I am more concerned with whether or not this new movement will be co-opted by progressives and leftists who are “old hands.” Let me be frank: If I thought old hands had better ideas than the new generation of activists I would have no objection to old hands who had little to do with launching the new movement creeping into leadership roles. But I believe an honest review of the evidence suggests this is not the case. Admittedly, many in the OWS movement are more politically naïve than many of the rank and file in older progressive movements. And those who have remained active in progressive causes for decades clearly have more activist experience than many who have been the leading activists in the occupy movements so far. Moreover, OWS needs to reach out to traditional progressive movements in order to grow and eventually hammer out a coherent reform agenda. But the greater political sophistication of older movements, and the greater experience of their leaders failed to generate anything during the past three years as promising as the OWS movement. At least in Portland I believe that had the call for people to come out on October 6 come from the same people and organizations that have been urging people to protest here for years, many fewer than ten thousand would have responded. There are too many in the 99% whose ears are deaf when appeals come from old progressive movements. No doubt older movements and their leaders are not entirely to blame for this, but who is to blame is beside the point. In any case, it seems likely to me that “newbies” know something important that “old hands” do not. So my hope is that “old hands” concentrate on learning and following right now, and foreswear teaching and leading until they have learned some important lessons. As many of us pointed out when Obama justified choosing Geithner and Summers to lead his economic team based on their great experience, experience in failure is hardly a recommendation for leadership.
You are right that the organizers of OWS are well versed in a particular set of procedures for participatory decision making – consensus, blocking, etc. – which as best I know all the occupations use. However, these folks do not seem to be members of organized anarchist sects or groups for the most part.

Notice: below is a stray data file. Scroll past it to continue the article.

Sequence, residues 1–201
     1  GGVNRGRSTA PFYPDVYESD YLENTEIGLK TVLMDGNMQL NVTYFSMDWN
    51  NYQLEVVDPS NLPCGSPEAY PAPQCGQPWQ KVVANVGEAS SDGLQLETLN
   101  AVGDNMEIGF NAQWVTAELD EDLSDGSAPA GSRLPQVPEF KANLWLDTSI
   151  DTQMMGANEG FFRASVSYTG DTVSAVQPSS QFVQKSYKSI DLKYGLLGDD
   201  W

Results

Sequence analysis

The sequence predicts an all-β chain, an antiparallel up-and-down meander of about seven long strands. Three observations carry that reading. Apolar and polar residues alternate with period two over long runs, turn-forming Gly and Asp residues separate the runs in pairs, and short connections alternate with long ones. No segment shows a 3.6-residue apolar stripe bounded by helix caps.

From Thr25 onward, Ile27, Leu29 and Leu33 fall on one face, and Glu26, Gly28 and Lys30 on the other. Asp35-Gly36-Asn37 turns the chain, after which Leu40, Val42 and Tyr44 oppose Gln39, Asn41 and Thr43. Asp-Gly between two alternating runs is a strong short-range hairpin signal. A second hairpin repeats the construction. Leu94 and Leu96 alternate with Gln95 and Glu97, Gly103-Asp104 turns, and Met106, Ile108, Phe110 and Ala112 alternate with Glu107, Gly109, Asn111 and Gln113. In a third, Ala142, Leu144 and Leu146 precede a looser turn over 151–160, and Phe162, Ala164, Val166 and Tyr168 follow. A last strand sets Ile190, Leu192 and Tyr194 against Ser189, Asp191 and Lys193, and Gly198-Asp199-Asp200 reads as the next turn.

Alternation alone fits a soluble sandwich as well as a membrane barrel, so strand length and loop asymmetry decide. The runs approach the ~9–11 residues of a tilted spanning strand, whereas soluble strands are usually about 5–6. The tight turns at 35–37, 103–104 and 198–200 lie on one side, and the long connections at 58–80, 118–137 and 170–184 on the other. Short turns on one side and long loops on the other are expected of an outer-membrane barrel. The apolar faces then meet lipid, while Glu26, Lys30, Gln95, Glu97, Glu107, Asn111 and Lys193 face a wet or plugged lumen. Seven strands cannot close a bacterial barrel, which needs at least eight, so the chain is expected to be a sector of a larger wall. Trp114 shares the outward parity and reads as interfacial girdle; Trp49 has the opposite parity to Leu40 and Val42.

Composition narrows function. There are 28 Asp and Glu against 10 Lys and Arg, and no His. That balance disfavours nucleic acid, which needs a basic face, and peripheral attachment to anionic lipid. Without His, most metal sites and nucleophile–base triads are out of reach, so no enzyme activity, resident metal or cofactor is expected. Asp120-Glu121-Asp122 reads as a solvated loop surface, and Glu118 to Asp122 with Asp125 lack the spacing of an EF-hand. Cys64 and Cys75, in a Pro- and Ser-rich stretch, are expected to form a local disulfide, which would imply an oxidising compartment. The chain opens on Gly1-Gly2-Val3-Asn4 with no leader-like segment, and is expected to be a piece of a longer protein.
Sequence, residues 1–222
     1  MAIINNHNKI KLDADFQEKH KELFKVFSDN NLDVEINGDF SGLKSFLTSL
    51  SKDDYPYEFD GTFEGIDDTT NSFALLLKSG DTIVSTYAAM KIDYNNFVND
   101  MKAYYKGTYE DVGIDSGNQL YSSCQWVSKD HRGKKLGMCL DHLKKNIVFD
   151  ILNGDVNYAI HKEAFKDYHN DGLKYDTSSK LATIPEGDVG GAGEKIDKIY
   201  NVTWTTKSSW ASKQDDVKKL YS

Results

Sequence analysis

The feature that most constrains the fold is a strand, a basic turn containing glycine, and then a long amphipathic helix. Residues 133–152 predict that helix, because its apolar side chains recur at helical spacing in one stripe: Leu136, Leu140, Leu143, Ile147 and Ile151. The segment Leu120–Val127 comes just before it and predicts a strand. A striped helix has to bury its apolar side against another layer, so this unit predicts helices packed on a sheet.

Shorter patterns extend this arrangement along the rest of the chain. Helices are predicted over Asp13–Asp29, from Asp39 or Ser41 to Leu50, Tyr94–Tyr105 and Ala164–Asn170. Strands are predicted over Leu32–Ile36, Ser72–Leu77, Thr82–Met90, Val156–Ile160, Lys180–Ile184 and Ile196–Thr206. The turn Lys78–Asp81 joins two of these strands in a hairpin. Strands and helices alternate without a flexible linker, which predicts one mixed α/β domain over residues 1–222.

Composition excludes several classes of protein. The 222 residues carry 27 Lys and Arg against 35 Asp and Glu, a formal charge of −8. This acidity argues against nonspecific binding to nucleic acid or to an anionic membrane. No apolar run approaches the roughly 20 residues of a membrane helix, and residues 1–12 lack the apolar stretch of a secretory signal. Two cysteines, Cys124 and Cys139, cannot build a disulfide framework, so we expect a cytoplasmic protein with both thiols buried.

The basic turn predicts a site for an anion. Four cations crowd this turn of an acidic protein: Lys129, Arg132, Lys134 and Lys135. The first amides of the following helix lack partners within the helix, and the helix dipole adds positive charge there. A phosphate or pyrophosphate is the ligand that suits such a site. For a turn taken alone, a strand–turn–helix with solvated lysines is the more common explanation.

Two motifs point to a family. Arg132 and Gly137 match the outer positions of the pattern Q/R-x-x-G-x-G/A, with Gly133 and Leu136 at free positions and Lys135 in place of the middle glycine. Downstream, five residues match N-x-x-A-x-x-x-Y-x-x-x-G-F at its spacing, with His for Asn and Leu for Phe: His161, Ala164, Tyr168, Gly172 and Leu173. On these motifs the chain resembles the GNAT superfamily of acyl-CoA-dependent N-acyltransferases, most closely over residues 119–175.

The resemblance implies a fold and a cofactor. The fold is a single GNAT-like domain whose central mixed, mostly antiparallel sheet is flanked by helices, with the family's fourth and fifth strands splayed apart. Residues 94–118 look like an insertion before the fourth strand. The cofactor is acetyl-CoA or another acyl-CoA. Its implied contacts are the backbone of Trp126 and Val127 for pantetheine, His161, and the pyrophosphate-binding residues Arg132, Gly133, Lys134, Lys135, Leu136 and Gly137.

In the US there were people like this who played leadership roles in the original anti-globalization movement in 1999 and 2000. I first met them in Seattle and worked with them extensively in the spring of 2000 in Washington DC, and then again in the fall of 2001 in the Mobilization for Global Justice. The Ruckus society (out of San Francisco) is a typical group of such people. That movement would have peaked for massive demonstrations, sit-ins, and occupations against the scheduled IMF/WB meetings in DC in the fall of 2001. A week of activities had been organized and half a million people were ready to show up. However 9/11 happened two weeks before the IMF/WB meetings and those meetings and also the demonstrations were cancelled. The majority of those organizers moved over to help build the initial anti-Iraq war movement in the US in the fall and winter of 2002. They have been largely invisible for almost 10 years now, but have re-emerged as process leaders at the occupations. To what extent these are the same veterans of the anti-globalization movement – 10 years later – and to what extent they are newbies who are like them and play the same role they did, I’m not sure. My impression is they are mostly new folks because they are mostly in their twenties rather than their thirties or forties. For the most part they are process leaders and occupiers but do not ascribe to any specific political ideology or group, or at least that is my impression.